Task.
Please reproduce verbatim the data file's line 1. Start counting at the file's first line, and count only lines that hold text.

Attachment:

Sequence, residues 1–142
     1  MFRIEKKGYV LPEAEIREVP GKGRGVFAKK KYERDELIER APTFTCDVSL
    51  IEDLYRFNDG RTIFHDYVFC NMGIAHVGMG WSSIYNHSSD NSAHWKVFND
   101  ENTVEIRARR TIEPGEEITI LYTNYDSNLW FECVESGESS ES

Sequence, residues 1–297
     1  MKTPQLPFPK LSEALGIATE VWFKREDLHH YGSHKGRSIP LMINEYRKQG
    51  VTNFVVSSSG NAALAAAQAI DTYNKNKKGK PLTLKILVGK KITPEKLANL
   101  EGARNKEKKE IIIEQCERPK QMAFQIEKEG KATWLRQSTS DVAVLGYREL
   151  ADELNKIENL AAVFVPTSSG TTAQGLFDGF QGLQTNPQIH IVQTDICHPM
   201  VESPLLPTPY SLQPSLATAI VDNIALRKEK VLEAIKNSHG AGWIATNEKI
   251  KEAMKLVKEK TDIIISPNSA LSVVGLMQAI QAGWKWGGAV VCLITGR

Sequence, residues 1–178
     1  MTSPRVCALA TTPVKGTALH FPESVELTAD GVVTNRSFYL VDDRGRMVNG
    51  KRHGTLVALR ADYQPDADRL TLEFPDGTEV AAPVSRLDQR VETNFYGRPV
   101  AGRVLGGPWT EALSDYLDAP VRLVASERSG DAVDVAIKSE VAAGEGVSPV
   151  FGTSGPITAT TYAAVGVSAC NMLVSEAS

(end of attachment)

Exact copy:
Sequence, residues 1–142